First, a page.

SHOPS are under greater pressure than ever before.

From next week, the Daily Echo will be taking an in depth look at the challenges facing our high streets – and what can be done to boost trade.

Last year saw the disappearance of famous names such as Toys R Us, Maplin and Poundworld, while a host of other businesses ran into difficulties.

Dorset-based New Look announced 60 store closures, cutting 1,000 jobs. It was one of several retailers to seek a Company Voluntary Arrangement (CVA) to cut rents and close stores.

Homebase also drew up a CVA and closed 17 stores, including the one at Poole’s Tower Park. Mothercare and Carpetright also closed branches under CVAs.

Marks and Spencer announced plans to close 100 shops by 2022, and shut its long-established Bournemouth branch in Commercial Road, as part of a turnaround plan.

House of Fraser went into administration and was bought out by Sports Direct boss Mike Ashley. It is not known whether 31 planned store closures will include Bournemouth’s branch, which was set for the axe under a previous turnaround plan.

The difficult news for retailers has continued since Christmas, with HMV in administration and several big names revealing falling sales.

Patisserie Valerie, which revealed details of a black hole in its finances, has also gone into administration, closing its Druckers cafe in Poole’s Dolphin Centre.

Research for the real estate adviser Altus Group has suggested 23,000 shops could close this year, with the loss of 175,000 jobs.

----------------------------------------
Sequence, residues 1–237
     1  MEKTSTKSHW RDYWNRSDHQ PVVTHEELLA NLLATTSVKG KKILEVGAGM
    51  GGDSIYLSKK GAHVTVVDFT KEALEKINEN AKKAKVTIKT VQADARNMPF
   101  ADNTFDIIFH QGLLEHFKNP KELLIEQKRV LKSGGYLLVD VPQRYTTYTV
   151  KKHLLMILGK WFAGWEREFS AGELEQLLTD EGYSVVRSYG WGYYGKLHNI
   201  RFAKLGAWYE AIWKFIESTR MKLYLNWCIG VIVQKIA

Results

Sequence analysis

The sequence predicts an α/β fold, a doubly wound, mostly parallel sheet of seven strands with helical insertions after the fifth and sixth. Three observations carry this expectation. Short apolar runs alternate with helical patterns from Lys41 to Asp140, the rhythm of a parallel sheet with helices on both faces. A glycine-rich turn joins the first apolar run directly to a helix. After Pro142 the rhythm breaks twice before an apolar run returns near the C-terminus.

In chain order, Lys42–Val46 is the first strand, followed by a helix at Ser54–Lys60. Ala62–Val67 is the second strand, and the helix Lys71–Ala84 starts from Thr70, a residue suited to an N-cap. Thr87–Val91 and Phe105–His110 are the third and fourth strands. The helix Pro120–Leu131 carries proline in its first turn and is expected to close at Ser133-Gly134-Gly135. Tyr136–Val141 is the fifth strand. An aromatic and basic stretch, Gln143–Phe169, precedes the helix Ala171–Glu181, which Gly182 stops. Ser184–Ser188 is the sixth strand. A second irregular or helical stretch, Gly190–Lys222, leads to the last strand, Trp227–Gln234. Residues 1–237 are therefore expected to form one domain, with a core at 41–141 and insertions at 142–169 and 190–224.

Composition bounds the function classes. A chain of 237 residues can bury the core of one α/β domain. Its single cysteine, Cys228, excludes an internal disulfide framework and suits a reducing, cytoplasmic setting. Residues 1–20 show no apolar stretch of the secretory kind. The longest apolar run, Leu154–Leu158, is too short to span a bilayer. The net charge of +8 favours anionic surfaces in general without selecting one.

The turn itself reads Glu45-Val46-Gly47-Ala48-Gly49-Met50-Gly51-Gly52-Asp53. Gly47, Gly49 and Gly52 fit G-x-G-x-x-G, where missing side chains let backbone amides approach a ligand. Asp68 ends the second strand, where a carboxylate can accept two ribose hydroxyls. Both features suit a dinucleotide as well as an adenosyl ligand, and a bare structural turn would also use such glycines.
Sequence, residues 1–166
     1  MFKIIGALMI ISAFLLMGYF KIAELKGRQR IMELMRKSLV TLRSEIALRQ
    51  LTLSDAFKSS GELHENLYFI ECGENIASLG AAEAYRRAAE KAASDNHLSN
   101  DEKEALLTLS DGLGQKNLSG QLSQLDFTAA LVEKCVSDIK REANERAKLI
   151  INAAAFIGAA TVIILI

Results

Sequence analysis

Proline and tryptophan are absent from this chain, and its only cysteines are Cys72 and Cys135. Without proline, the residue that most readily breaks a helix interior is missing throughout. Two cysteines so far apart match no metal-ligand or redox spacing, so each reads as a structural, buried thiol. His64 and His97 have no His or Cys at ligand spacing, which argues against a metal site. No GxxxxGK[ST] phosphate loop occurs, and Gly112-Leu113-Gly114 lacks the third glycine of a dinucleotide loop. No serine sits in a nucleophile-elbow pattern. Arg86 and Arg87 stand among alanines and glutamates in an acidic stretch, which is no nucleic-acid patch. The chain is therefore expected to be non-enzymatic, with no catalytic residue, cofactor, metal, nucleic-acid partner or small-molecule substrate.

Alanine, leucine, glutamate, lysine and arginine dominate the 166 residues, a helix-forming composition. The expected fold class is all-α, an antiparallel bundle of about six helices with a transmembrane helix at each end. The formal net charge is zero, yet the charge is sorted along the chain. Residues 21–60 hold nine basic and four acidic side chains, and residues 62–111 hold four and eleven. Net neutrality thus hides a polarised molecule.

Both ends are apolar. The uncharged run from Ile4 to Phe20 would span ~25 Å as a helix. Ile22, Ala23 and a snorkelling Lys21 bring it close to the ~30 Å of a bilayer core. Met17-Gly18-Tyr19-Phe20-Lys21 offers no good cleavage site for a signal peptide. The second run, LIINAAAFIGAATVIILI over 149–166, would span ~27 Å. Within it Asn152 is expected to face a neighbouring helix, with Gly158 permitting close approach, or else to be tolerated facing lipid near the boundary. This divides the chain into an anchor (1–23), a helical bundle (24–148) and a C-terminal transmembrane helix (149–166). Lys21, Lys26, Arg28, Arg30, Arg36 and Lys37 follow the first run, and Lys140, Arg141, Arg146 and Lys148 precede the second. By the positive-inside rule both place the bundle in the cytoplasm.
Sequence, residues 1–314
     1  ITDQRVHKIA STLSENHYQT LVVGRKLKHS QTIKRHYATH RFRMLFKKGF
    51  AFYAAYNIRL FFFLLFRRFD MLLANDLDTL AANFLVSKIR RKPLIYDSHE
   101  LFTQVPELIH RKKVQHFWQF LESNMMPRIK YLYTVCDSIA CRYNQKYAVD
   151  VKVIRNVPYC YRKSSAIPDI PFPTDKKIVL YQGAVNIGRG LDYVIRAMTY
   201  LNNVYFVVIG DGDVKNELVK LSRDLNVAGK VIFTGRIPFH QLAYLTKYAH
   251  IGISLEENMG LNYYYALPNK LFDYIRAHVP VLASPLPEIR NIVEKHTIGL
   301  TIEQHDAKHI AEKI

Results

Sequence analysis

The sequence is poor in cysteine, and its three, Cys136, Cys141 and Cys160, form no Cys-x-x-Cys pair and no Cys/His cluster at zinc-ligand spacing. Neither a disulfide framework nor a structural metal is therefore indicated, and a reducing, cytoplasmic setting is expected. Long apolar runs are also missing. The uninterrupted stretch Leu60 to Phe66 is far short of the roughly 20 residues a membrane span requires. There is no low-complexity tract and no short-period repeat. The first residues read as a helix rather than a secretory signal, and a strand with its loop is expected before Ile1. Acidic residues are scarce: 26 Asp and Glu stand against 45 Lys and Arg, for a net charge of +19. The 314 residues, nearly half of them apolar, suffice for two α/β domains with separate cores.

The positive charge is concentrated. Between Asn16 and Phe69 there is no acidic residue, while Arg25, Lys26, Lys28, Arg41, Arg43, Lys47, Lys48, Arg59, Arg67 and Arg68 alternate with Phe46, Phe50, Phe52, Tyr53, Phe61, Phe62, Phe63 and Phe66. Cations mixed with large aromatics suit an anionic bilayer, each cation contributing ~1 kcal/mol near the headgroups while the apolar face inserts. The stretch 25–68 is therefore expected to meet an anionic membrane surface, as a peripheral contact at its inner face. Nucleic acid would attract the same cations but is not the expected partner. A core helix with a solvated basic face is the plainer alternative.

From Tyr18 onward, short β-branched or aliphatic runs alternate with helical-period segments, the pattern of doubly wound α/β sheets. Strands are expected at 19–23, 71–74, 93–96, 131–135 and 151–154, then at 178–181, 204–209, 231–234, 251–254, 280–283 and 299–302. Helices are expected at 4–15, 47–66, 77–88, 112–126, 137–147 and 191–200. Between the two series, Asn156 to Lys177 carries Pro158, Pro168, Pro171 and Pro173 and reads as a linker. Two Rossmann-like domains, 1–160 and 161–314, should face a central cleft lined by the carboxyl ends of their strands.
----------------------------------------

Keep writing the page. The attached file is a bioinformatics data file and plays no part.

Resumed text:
But some towns and shops are bucking the trend.

Nearly a million people came to Bournemouth in the run-up to Christmas, drawn by its Christmas Tree Wonderland, and some traders have reported doing stronger business than the previous year.

In a fortnight of in-depth coverage, we will be looking at issues such as high rents, punishing rate bills, car park charges and the continuing rise of online shopping. We will compare the challenges facing major names with those of small independents.

But it won’t just be about the negatives. We will also be looking at examples of retailers bucking the trends.

We will consider how online can be used to boost business for bricks-and-mortar retailers. We will look at high streets such as Westbourne and Southbourne, which have managed to do well where others have struggled.

We will look at the work of business improvement districts (BIDs), the bodies set up to improve and promote their local areas – and how their success in increasing footfall can be translated into cash in the till.

There will be interviews with retailers, industry watchers, letting agents, BID managers council officials and the ordinary shopper.

And we will seek practical suggestions about what can be done to bring the public into the shops and get them spending.

The coverage will include readers’ views. You can comment online or email, including “Retail” in the subject line.